Thank you for your participation in our recent survey: we heard from over 1700 of you! From those participants we did a random draw for four prizes. Today we we will introduce you to the winners.
First up, the Grand Prize of a lifetime subscription to UPPERCASE magazine plus a full page feature about the winner (or someone of their choice) in an upcoming issue of the magazine! The winner is Katrina Van Heest. She found out the good news while on a road trip and her boyfriend snapped these photos at a wooded rest stop.
Let's meet Katrina, in her own words...
The reaction photos may be a bit over the top, but I was indeed feeling the endorphin rush of fresh, awesome news.
My online work is really just the website for my editing practice, http://tweedediting.com, the audience for which is scholarly authors. As I am wont to say, I refine scholarship so that research makes its mark within the academy and also has a pollinating effect on society. It's important to me that academic writing has at least the potential of engaging with broader culture. The field of my own research is scriptures and cultures. I suppose it's obvious that I have a fascination with the printed page and how humans create meaning through text.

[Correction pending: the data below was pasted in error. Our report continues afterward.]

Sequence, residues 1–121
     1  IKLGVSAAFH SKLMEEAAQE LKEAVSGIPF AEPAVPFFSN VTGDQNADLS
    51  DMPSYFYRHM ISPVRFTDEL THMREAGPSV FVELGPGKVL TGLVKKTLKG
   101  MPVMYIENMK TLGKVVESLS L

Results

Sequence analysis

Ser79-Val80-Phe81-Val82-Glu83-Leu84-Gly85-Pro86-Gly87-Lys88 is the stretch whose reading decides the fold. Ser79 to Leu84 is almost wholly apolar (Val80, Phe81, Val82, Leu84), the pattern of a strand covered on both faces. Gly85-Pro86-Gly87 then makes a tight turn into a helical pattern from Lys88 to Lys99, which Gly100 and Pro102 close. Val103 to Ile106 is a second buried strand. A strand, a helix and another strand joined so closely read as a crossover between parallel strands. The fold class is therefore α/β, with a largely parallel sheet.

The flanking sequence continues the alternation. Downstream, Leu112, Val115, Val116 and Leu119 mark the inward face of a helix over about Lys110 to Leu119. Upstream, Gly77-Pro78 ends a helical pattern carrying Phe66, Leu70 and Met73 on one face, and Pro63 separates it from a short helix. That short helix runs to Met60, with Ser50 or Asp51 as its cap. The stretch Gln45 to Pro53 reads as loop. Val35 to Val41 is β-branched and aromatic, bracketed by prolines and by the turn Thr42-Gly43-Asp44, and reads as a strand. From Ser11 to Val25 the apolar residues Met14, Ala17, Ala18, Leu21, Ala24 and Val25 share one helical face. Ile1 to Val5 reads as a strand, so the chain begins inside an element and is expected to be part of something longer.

It may be of interest to UPPERCASE readers that my idiosyncratic, untrained method for creating Tweed's graphics is bounded by what I can do in office-productivity software—the same applications that I use in editing manuscripts. Most of my graphics are based on text and simple shapes. Any illustrations that I incorporate into the graphics are usually just carefully selected characters from dingbat typefaces. I love experimenting with type too much to limit myself in that respect (although Futura appears often), but I douse a constrained color palette: a cream chosen to evoke aging paper, black and grays, and a bright orange for a little pop. I'm a sucker for pattern and texture, too. The collage I'm attaching just gives an overall sense of the Tweed aesthetic. If you are interested in higher-resolution versions of any individual graphics, I can locate them for you.
What else? My Tumblr site, Rolling File Cart, is http://katieanne.tumblr.com. I began it as a way of visually bookmarking online content that I enjoy (now what Pinterest is used for). Along the way, it has begun developing its own discernible look and feel, but that's more incidental than orchestrated.